But the basics are, are you paying people enough to fulfill the dreams that they have for their life? That's that's just the key one. Are you paying your people enough? Can you pay them more? Yes, maybe the market is X amount of dollars, but do you have the ability to be an employer of choice and provide more to your people so that they can go on and live happier lives themselves?

[00:10:01] - O'Brien McMahon
The next is health care, which is basically medical coverage. Are you providing medical coverage that makes them feel like they're protected and their family's protected? Because that's what they want. They want to feel protected.

[00:10:15] - O'Brien McMahon
And then from a retirement standpoint, are you putting them in a position through comp, through retirement plans, deferred comp whatever incentives you have, to move on and age gracefully so that they're going to be protected at the end of their lives? That's really what people want.

[00:10:30] - O'Brien McMahon
Yes, it's great to have the other lines of benefits. Yes, it's great to have perks, but put the money into the core elements. And then if you have more, then build that out. I see people taking one pot of money and spreading it too thin, and then they wonder why their people don't value the benefits that they have.

[00:10:54] - Claire Haidar
So you said something, O'Brien, you said, "It's what we all want." This has interestingly happened in our organization, but we've also had a lot of our customers share the same experience. I know this is not an insular incident where Gen Zs and millennials are coming in and saying the typical pension health care framework just doesn't work for me, just give me the cash. I just want the cash and I'll deal with it the way I want to deal with it.

[00:11:26] - Claire Haidar
And just anecdotally, some things that I've heard in our social circles recently is because people... Like concierge medicine really became... It's always been a thing. Concierge medicine has been a thing, but it became a real thing that was very attainable by the average person on the street during COVID, just because of COVID and the way doctors had to reach people, and people are going, "Ha, I like this. I like the concept of concierge medicine," which is currently not catered for by health care at all. So do you really think that benefits, as you've just laid them out, is really what people are wanting, or is there a shift in mindset there?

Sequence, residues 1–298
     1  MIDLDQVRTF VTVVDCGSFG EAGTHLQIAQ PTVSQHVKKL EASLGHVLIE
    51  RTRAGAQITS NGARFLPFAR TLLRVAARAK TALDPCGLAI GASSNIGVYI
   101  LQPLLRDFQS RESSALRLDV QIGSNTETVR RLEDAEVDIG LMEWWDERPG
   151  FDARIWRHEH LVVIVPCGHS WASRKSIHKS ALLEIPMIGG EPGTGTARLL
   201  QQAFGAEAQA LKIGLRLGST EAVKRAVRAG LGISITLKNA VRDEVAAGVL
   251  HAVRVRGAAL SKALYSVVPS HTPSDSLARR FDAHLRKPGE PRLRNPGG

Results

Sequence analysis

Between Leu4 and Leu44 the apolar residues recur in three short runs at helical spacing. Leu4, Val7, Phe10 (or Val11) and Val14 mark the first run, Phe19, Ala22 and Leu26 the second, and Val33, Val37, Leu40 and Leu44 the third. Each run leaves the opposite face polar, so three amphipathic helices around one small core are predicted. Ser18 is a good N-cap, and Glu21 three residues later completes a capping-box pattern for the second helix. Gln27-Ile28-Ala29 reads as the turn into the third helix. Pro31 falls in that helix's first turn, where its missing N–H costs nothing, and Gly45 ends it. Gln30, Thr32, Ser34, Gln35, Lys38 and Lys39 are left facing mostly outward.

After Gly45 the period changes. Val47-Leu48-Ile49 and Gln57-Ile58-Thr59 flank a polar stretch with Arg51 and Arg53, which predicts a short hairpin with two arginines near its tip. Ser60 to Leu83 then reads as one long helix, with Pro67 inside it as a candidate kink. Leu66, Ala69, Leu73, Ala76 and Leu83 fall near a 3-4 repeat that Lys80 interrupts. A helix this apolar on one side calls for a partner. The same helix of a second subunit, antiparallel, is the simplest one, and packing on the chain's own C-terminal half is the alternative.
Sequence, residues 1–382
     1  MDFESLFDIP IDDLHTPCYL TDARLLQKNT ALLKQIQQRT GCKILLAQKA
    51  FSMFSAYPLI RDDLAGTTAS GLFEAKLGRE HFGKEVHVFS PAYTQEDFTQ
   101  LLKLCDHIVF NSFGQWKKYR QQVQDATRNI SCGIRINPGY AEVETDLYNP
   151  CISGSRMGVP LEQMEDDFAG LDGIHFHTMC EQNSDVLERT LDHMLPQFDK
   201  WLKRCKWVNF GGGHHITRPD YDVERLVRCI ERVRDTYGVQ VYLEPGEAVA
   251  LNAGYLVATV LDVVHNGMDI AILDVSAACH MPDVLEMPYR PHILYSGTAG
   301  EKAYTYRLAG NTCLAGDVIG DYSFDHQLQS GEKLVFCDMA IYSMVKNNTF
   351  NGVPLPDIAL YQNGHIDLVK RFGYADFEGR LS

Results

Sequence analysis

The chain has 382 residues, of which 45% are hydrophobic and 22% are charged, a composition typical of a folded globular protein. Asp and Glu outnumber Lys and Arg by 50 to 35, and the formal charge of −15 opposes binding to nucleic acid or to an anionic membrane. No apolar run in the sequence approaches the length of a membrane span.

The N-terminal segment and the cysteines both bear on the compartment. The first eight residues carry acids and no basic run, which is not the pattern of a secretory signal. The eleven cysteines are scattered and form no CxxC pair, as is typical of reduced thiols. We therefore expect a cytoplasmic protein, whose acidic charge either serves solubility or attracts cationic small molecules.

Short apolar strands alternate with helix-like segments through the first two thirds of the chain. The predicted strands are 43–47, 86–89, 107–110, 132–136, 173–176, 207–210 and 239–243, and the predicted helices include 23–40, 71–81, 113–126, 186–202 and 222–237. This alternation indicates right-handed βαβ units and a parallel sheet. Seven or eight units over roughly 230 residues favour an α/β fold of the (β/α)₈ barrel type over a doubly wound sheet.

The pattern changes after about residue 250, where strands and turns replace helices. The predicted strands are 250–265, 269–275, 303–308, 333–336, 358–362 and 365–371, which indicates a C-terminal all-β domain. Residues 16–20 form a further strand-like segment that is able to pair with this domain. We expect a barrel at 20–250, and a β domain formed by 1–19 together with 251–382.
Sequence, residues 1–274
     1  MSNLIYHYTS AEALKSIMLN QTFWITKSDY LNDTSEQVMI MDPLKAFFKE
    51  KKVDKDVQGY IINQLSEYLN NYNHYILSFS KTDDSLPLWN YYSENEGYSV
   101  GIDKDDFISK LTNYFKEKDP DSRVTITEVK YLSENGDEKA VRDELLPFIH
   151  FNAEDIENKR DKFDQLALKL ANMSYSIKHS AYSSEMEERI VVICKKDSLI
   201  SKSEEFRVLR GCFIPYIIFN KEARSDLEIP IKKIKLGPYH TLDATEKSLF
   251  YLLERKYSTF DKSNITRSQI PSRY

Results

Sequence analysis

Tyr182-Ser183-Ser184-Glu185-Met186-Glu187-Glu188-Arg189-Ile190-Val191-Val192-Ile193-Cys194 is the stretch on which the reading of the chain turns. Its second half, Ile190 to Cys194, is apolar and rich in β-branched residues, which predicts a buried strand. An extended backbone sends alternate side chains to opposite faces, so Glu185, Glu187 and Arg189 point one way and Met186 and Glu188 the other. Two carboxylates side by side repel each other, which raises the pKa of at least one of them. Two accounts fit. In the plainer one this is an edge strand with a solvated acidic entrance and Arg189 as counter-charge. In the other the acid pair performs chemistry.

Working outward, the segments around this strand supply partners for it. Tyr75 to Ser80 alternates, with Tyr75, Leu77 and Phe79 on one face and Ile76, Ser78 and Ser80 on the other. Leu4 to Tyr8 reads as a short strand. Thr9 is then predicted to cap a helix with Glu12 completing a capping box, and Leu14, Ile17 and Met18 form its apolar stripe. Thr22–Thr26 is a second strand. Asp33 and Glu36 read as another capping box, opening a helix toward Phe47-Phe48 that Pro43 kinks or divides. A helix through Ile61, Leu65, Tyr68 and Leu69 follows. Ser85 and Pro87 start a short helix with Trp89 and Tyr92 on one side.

[00:12:09] - O'Brien McMahon
So I think all people want compensation to go live the life that they want. I think that's universal, nobody would turn down more money. Health care is an interesting one. So what you said is, Gen Zs are coming in now and they're saying, "Just give me the cash." That was the same thing that was being said about millennials when millennials started coming into the workforce, was that they don't value these benefits in the same way.

[00:12:34] - O'Brien McMahon
Well, now millennials are starting families and they're valuing benefits-

[00:12:39] - Claire Haidar
All of a sudden-

[00:12:40] - O'Brien McMahon
All of a sudden, these things become important. Maybe we're all getting a little older. I'm on the leading edge of the millennials, I'm almost 40. It's important to me now, I'm thinking about it a lot. And so I think it's an age thing more than it's a generational thing. I think you go through stages in life, to your point, about seven-year increments. You go through stages in your life.

[00:13:04] - O'Brien McMahon
And yeah, you may come in and you're like, "Oh, this health care stuff, I don't need this health care stuff. I'm bulletproof." Well, you get pregnant, your wife gets pregnant, one of you in your 30s has a health condition, suddenly this becomes important stuff and values start to change seven years down the road. So I do think it's still important.

[00:13:23] - O'Brien McMahon
Again to the employer, what we said at the very beginning about the employer teaching employees the skills they need, this is important stuff. It's just like somebody coming in and being like, "I don't value my retirement account. I don't need to retire." Yeah, OK. You don't appreciate that now. But if you don't save something, you're going to be in a world of hurt later. So we need to teach you these skills.

[00:13:46] - Claire Haidar
Yeah. How to adult at 30, how to adult at 40, how to adult at 50.

[00:13:49] - O'Brien McMahon
Yes, exactly. Exactly. So are you going to get as much bang for your buck if your employees are all in their 20s and you have high turnover, so you know they're not going to make it to their 30s with you? Yeah, okay, maybe you don't... Maybe they have to contribute more to the plan, and it's not as rich a benefit, and you just pay them a lot more money. But those 20-something-year-olds are going to become 30-something-year-olds pretty quick and start families, and they're going to have those needs.

[00:14:21] - O'Brien McMahon
So it's planning for what you have today, and then educating them and helping them make good decisions for the future, even if they don't know that it's coming. So I think it's a blend. And to your point, there's always some gray area here and nothing that I say should be taken as gospel. But I do think it's worth providing the core elements that people are going to need through their lives.